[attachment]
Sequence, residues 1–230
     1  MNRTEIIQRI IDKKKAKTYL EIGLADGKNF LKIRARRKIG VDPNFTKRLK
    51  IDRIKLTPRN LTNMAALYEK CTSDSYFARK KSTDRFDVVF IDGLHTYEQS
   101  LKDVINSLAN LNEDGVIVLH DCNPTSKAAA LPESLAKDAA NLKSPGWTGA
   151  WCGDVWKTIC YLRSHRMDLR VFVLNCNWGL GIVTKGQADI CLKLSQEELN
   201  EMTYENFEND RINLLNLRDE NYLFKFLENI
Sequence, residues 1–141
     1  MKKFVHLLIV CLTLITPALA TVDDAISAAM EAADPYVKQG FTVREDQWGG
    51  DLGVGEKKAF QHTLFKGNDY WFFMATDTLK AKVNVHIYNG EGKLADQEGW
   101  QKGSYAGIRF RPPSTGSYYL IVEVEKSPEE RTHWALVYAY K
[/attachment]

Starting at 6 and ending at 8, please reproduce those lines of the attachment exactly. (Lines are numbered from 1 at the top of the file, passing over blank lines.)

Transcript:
   201  EMTYENFEND RINLLNLRDE NYLFKFLENI
Sequence, residues 1–141
     1  MKKFVHLLIV CLTLITPALA TVDDAISAAM EAADPYVKQG FTVREDQWGG